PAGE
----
In the month of January I’m linking up at Simpler Pastimes for Amanda’s Classic Children’s Literature event. I only have two books selected, as I think that’s all I’ll have time for:
The Winged Watchman by Hilda van Stockum and Bambi by Felix Salten
The Winged Watchman by Hilda van Stockum (1908-2006)
It’s not easy to find a story that presents a realistic picture of World War II and is at the same time appealing and suitable for younger children but The Winged Watchman by Hilda van Stockum satisfies this criteria.
Written in 1962 and set in the years 1944 & 1945 during the Nazi occupation of Holland, The Winged Watchman is a work of fiction which accurately portrays occupied Holland at that time, as readers who lived through those days have attested. But, of course, many other books have been accurate in their portrayal of this time period. What the author did in this book to make it appropriate for young children was:
* To include enough realism to make it believable, while at the same time
* To temper the story with an underlying optimism that good will eventually conquer evil
* To view the war through the lens of a young boy in an warm & happy family
The war years are seen through the eyes of Joris Verhagen, a ten year old boy, who lives with his father and mother; his brother Dirk Jan aged fourteen, and their little ‘sister’ Trixie, in the Rynsater polder. Their father, a millwright, was responsible for keeping the polder (a piece of reclaimed land) dry, and he operated the old wind-powered mill, ‘The Watchman.’
Joris was six years old when the Nazis overran Holland and was incredulous when Dirk Jan talked about life before the war. Joris had only known rationing, the drone of English bombers and the sense of an always present danger.
In Joris’s eyes, everything was black and white.
When the Germans posted a notice ordering all dog-owners to present their dogs for inspection so that useful animals could be drafted into the army, Joris was devastated that his beloved, energetic dog, Freya, would be taken.
Why doesn’t God stop the Germans?
Why does He let them continue to do awful things?
He could just kill them all!
When his mother told lies to protect a life, Joris was shocked and said so. His mother’s reply told him what he had vaguely felt was right, but his black and white thinking wouldn’t allow him to accept:
“It is bad when you hide the truth from someone who has a right to it, and in a normal world, where people try to obey God, everyone has a right to the truth.
But when you know that the other person is going to use the truth to maim and kill, do you think he still has a right to it?
The Germans…broke their treaty with us, invaded our country, bombed our cities, chased away our lawful government, killed or deported our men, women and children…
Do you think they have a right to the truth?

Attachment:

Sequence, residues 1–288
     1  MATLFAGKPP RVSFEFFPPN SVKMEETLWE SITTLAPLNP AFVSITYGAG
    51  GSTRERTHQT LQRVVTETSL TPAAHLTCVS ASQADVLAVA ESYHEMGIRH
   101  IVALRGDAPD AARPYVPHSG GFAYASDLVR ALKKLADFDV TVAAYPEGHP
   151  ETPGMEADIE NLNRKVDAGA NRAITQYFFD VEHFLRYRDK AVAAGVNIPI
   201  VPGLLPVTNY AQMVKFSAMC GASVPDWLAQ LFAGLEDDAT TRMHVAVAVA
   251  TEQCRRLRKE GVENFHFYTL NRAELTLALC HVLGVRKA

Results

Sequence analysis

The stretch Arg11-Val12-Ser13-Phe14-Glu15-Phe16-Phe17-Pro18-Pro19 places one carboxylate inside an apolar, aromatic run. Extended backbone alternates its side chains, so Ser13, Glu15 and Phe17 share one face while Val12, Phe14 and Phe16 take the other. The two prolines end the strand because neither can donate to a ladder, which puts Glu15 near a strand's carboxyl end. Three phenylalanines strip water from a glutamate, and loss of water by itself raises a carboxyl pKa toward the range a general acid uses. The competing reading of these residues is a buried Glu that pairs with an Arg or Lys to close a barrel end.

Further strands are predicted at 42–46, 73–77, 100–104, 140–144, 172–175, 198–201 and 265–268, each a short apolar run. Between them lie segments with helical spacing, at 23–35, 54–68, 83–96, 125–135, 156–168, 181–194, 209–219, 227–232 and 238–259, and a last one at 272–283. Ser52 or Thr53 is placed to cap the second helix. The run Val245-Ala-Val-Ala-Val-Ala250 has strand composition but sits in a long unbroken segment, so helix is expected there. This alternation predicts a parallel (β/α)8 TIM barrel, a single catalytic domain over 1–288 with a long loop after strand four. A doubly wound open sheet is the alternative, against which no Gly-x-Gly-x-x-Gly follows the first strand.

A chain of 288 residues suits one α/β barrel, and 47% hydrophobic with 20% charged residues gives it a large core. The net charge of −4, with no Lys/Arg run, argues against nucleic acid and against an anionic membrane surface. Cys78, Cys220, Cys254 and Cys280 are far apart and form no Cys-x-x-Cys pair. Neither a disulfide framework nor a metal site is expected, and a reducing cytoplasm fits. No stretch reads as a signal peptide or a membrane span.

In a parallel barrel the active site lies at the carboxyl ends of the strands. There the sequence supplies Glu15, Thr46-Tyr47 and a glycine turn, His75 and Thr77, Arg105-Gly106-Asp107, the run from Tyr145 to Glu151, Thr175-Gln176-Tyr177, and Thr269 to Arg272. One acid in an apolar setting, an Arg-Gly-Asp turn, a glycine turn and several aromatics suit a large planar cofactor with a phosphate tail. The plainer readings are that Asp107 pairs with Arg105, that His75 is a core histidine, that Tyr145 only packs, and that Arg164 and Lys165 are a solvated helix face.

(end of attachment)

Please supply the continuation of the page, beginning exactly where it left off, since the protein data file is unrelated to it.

You are right to hate lies, my dear. But remember that truth itself becomes a lie in the twisted minds of our conquerors.”
The Verhagens lived in the country and were better off than the city-dwellers who faced severe food shortages, but they had their own share of troubles and danger.
Their neighbour’s son was a traitor who spied on them continually and the author used the tension involved in this situation and other areas to explore the theme of moral responsibility.
Moral responses aren’t always black and white, as Joris learns, and the right choice often comes at a cost. It cost the Verhagen family a great deal but at the end of the war, when peace finally came, they were counting their blessings – thankful, despite their losses.
I read this book aloud some years ago and this month I read it for the first time with my youngest. It remains one of my favourite, not to be missed, books for children.
It is a simple, faith-filled story and is an ideal vehicle for presenting and discussing such things as truth, courage, wisdom and moral responsibility.
Children around the age of about 7 years and up (or younger, depending on the child) would love this book but if you have an older child who hasn’t read it, I’m sure they would enjoy it also.
As with another World War II book, The Hiding Place by Corrie ten Boom (which I highly recommend for older children & adults) civil disobedience is an important concept that could be discussed alongside moral responsibility.
Hilda van Stockum dedicated her book to her brother, a Royal Dutch Air Force pilot who was killed during a bombing raid over France in 1944. He wrote the following words, which capture the sentiment expressed in the book, before his death:
“I could stand idly by and see every painting by Rembrandt, Leonard da Vinci and Michelangelo thrown into a bonfire and feel no more than a deep regret, but throw one small, insignificant Polish urchin on the same bonfire, and by God, I’ll pull him out or else. I fight quite simply for that…It is as simple as St. George and the Dragon.”
The Winged Watchman is published by Bethlehem Books.